Lease extension premium?

Lease extension premium?

0:02 AM, 31st May 2023, About 9 months ago 12

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Hello, I am in process of selling a 1 bed flat and need to extend the lease. The lease has approx. 53 years to run.

The flat is valued at around £170,000.

The lessor has proposed a premium of around £28,000 for an extension of 72 years.

Is it usual/possible to negotiate the premium?

Does the premium amount look reasonable?

Thank you,

Malcolm


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Comments

Hitesh

9:30 AM, 31st May 2023, About 9 months ago

Little or limited knowledge in this area.
But the offer seems good in principle especially as opening FIRST offer.
This would make virtual freehold I guess as 125 years
I would look at my initial cost of the flat knowing that you have 53 years lease pending = to say £3333 PA
By paying the £28 will reduce cost to circ £1700 PA cost
Mine is purely logical approach. At least can pass the flat in will to family or whomever. 125 years is long time.
Also will be easier to sell or pass on later as can get finance / mortgage
If was me I would counter offer £20k and hope to meet half way point.
In any case do buy the 73 years as will I increase your holding.
Please note lots of new legislation around this area so be mindful and seek advice. But above is my opinion only and am not qualified.

Simon Lever - Chartered Accountant helping clients get the best returns from their properties

9:49 AM, 31st May 2023, About 9 months ago

A simple calcualtor provided by the Leasehold Advisory Service will give you an initial idea if the level is about right.
https://www.lease-advice.org/calculator/
This obviously is not definitive but will be a good place to start.

Dennis Forrest

9:49 AM, 31st May 2023, About 9 months ago

You should be aiming for a Statutory Lease extension which the freeholder cannot reject. This gives you a 90 year lease extension and a peppercorn rent. Even the mention of this to your freeholder should produce a better offer. Less than 80 years left on the lease and the freeholder is entitled to marriage value which is 50% of the increased value of your flat with a longer lease. So your flat need to be going up by 2 x 28,000 = £56,000 or £226,000 for a new revised value of your flat. This will give you a good idea if the lease premium is reasonable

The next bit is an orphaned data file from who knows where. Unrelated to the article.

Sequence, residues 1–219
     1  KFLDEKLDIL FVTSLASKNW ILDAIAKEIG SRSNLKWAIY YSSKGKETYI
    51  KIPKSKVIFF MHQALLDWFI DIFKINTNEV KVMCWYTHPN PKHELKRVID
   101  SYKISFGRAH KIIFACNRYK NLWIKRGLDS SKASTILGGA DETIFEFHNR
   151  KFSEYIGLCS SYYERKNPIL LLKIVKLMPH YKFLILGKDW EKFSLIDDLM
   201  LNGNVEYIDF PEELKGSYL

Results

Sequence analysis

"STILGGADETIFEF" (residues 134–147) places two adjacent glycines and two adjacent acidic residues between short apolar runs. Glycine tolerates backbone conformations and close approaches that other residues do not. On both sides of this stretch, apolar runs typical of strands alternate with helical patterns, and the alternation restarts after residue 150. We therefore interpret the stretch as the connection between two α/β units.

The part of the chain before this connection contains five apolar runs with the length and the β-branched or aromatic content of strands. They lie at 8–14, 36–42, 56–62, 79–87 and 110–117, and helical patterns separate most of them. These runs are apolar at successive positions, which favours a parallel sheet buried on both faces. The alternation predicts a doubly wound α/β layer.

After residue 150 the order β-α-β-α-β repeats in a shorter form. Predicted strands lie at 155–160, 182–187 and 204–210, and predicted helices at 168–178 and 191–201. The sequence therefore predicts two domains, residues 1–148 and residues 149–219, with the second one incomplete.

Stephen Reynolds

9:50 AM, 31st May 2023, About 9 months ago

It is possible to negotiate and if this fails there is a process involving surveyors / valuers to determine a reasonable price for the extension. Negotiations are preferable as you will be responsible for any costs incurred during the valuation process. I'm helping an elderly friend negotiate a lease extension at the moment. 57 years to run on a flat valued at c£350k and the freholder wants £70k to extend just back to 99 years. We will probably go down the valuation route. There are lots of online lease extension calculators but they give wildly varying figures so not sure how useful they really are. I recently did an extension for my leasholder/friend to 999 yrs on a £1.3M flat for the transfer of a car parking space.

Kizzie

10:33 AM, 31st May 2023, About 9 months ago

Reply to the comment left by Stephen Reynolds at 31/05/2023 - 09:50